In the heart of East End London sits the Malplaquet House, exuding a mysterious grandeur that would make anyone do a double-take as they strolled past its wrought iron gates. Dating back to 1741, the atmospheric building is one of London’s forgotten mansions which, until very recently, stood decrepit and destined for demolition. However, in the ’90s, the monument was purchased by the Spitalfields Trust and eventually sold to Tim Knox, a British historian, and director of the Fitzwilliam Museum in Cambridge, for £250,000 (approximately $355,200). Alongside renowned landscaper Todd Longstaffe-Gowan a passionate restoration project was begun that sought to renew the historic building.
The mansion was last occupied in 1895, and before this, it had been subdivided into smaller apartments with commercial shops set up in the front garden. Knox and Longstaffe-Gowan took it upon themselves to restore the ambiance of the old mansion prior to this. By following historic blueprints and surviving evidence, they were able to rebuild the original gardens and architectural design of the labyrinthian home.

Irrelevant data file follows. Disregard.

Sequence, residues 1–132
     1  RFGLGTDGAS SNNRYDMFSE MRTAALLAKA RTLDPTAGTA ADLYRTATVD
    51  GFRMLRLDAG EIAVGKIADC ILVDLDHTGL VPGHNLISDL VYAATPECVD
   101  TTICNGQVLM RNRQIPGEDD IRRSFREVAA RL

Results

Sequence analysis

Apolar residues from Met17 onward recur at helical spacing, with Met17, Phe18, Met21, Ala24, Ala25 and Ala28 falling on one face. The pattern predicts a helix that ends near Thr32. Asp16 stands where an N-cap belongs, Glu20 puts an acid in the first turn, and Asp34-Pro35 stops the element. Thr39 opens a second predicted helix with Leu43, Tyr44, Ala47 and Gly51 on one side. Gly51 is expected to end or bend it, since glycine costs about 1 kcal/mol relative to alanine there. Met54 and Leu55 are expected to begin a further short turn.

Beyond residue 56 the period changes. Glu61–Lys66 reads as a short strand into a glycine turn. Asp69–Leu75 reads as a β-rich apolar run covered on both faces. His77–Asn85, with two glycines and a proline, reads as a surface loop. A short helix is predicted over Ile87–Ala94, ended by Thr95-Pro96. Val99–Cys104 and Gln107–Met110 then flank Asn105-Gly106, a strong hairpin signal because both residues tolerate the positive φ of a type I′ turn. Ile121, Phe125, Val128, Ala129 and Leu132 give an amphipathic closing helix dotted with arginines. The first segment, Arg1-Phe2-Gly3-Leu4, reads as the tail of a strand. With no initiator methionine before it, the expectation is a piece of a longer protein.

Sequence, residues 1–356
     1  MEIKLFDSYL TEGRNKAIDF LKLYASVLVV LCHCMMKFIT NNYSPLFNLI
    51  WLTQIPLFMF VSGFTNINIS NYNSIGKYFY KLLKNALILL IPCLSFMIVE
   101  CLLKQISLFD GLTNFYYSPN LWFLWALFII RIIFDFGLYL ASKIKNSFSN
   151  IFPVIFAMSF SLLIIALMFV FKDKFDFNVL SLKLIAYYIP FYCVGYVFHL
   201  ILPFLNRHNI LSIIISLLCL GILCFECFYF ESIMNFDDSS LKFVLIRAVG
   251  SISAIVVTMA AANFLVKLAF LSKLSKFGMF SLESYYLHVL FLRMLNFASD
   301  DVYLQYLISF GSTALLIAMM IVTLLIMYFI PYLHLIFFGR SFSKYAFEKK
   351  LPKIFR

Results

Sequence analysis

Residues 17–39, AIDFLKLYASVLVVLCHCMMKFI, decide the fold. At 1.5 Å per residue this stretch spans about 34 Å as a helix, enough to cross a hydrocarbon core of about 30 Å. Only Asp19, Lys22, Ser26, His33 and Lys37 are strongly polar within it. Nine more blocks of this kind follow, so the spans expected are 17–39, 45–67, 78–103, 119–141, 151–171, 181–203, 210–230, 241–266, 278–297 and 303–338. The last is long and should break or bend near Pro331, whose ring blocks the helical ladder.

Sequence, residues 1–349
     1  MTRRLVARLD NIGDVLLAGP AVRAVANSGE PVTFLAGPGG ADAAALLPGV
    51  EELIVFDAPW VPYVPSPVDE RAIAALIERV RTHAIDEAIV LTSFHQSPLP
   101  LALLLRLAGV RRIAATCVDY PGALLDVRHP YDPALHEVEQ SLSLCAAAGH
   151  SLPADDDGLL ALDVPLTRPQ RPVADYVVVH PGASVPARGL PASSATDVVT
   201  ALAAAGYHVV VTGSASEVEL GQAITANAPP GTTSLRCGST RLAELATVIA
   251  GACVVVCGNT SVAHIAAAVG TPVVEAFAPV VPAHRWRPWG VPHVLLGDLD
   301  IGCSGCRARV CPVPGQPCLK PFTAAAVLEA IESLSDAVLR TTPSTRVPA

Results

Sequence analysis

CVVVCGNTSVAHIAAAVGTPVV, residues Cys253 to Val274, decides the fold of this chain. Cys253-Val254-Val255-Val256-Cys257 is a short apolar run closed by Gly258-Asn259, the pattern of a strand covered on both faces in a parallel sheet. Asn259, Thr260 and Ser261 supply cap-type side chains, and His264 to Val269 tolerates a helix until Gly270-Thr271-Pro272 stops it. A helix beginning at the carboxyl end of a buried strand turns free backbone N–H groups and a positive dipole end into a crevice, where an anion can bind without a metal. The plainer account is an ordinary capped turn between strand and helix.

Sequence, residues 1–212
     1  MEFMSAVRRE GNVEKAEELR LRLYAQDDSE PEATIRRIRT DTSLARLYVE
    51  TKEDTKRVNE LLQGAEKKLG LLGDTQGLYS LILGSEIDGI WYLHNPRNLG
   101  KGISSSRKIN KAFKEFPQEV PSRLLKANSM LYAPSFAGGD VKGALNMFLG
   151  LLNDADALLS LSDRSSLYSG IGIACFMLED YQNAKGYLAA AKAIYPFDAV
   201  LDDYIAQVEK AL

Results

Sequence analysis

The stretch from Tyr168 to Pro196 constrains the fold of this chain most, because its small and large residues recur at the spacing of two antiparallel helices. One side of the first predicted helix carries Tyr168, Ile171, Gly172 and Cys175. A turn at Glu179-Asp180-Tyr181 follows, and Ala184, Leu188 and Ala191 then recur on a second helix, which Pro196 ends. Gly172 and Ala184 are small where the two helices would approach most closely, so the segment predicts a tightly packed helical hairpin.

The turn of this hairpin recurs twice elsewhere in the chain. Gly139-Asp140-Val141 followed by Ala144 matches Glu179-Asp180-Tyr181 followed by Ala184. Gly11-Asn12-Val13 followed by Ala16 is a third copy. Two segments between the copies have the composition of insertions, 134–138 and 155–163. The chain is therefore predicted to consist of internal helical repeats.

The Malplaquet House is now being listed for sale for £2,950,000 (roughly $4.2 million). Brimming with unusual antiquities, such as stag heads, Latin busts, and other carefully preserved relics, the four-story mansion offers a prime opportunity to explore historical, religious, and architectural artifacts. Its revamped eighteenth-century bricks now protect an unsealed treasury of historical goodies to be explored by new owners.